There is a wonderful grainy texture to Tommy Halferty’s guitar, a doughty, garbled toughness that can in a breath slide into the tender and the plaintive, and Spree the opening track here combines all such tones and templates in one tune.
Station Midi, the title track, is a wonderfully supple exercise, the guitar swimming usefully against the mounting tide of Halferty’s accomplices, Kevin Brady on those loquacious drums, the bass of Dave Redmond the perfect piece of wood for Halferty to lean his axe against. Relic is meandering and a tad wistful at the start, before becoming an elusive, mood-changing thing, an opaque blues vehicle.
While there are obvious hints of Pat Metheny - presumably a big influence on the Irish guitarist’s lengthy career – Halferty has his own schtick as evidenced through these intriguing 10 tracks, which bow at times to blues-rock roots, on pieces like Gingerbread Boy. Meanwhile, Ralph's Piano Waltz is very definitely at the lighter end of fusion, opening like a fountain on a summer's day. It's a winsome thing with a barely noticable tincture of the spirit of bossa nova, or at least something from Brazil. Kish, on the other hand, is entrancing and calmly negotiated.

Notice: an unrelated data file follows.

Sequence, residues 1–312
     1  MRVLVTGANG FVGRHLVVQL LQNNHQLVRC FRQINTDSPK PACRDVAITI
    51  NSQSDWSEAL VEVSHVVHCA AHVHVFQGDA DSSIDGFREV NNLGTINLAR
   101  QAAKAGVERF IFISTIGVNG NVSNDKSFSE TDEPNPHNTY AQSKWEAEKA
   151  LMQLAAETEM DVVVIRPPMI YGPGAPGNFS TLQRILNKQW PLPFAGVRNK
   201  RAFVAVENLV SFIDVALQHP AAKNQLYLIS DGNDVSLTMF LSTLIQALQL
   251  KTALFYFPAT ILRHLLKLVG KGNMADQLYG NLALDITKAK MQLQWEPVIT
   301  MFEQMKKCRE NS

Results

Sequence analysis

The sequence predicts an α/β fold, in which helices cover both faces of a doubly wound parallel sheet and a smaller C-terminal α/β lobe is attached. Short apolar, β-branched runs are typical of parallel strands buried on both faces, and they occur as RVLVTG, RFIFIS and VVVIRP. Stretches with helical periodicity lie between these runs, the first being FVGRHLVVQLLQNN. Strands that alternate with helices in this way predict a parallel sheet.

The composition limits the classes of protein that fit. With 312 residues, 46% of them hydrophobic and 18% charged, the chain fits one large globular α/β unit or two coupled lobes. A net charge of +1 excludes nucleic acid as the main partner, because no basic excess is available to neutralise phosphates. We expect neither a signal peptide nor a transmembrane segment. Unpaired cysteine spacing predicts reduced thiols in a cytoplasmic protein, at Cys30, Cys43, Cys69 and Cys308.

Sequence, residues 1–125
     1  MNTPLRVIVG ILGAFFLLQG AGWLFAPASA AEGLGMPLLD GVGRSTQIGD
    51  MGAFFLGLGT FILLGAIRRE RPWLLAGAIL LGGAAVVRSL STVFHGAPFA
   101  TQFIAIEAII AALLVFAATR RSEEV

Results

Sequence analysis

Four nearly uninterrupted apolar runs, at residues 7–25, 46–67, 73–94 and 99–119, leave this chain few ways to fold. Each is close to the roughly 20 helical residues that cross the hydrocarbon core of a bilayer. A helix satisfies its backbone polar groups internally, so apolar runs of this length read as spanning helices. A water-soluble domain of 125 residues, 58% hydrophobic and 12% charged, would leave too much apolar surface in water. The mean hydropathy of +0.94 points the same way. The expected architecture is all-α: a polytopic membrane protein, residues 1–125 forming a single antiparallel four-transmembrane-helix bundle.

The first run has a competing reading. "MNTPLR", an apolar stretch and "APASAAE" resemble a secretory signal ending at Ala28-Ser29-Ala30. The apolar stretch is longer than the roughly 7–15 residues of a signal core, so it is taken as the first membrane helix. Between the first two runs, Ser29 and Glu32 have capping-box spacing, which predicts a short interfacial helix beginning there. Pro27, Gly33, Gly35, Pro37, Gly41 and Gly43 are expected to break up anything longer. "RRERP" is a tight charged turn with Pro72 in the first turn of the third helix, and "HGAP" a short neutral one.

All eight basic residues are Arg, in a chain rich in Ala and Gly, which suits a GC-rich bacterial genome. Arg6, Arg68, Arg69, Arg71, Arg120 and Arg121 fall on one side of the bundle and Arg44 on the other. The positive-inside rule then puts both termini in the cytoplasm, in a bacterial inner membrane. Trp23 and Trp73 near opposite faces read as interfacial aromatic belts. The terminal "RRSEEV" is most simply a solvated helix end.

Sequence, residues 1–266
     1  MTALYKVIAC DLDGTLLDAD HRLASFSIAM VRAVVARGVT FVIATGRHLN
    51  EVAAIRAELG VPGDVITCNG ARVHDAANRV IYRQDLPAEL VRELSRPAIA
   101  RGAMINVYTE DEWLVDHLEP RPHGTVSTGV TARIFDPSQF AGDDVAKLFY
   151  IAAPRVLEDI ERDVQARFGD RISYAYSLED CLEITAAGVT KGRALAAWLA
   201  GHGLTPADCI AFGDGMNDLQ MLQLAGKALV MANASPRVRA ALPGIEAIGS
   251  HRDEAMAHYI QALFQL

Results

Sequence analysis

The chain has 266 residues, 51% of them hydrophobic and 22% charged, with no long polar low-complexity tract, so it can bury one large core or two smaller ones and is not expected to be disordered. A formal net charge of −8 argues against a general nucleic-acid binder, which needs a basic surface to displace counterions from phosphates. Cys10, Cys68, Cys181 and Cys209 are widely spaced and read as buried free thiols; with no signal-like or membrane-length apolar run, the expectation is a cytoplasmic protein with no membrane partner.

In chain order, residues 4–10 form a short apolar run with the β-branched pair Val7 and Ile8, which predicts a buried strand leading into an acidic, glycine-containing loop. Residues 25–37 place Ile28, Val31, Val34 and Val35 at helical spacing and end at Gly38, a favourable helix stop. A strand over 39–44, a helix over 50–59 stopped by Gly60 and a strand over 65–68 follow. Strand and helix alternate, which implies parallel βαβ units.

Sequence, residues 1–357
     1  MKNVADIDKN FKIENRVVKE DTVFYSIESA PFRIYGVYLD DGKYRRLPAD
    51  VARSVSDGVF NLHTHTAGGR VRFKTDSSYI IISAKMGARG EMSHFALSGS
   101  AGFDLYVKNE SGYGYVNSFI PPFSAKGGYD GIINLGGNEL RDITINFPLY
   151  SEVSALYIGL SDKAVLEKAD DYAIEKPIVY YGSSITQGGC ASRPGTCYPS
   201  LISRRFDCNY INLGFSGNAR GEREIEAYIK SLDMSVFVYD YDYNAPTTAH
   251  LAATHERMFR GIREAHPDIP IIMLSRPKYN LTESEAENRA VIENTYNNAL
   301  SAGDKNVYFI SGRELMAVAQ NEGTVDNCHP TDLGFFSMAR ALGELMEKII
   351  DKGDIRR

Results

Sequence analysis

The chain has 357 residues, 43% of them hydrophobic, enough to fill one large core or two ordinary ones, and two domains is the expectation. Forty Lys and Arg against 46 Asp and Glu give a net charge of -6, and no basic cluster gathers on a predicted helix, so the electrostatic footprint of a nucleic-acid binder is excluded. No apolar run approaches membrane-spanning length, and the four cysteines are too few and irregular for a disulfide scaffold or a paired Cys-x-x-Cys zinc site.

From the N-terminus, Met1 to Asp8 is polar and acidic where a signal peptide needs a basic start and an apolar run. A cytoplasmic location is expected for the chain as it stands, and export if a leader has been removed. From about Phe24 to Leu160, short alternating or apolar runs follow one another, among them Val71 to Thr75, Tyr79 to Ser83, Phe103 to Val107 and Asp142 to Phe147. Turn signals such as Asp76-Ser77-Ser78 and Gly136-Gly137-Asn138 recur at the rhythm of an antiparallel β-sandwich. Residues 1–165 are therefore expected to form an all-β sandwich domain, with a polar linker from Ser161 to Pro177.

It's a highly variegated project, with light and shade and different approaches. Ode to the Ageing Rocker, as you might expect could fit perfectly on an album from an early 70s prog ensemble. For something from a more venerable tradition, I Remember You canters along blithely like Wes Montgomery.
Station Midi shows yet again that Tommy Halferty his own rugged, yet sensitive art with hands and strings and pick-ups and he has two great pals in the venture. Listen, if you listen to two tracks only, to Kish and Relic, as the revered guitarist works a vein of deep imaginative poetry, a sense of trance and meditation hovering around the tunes.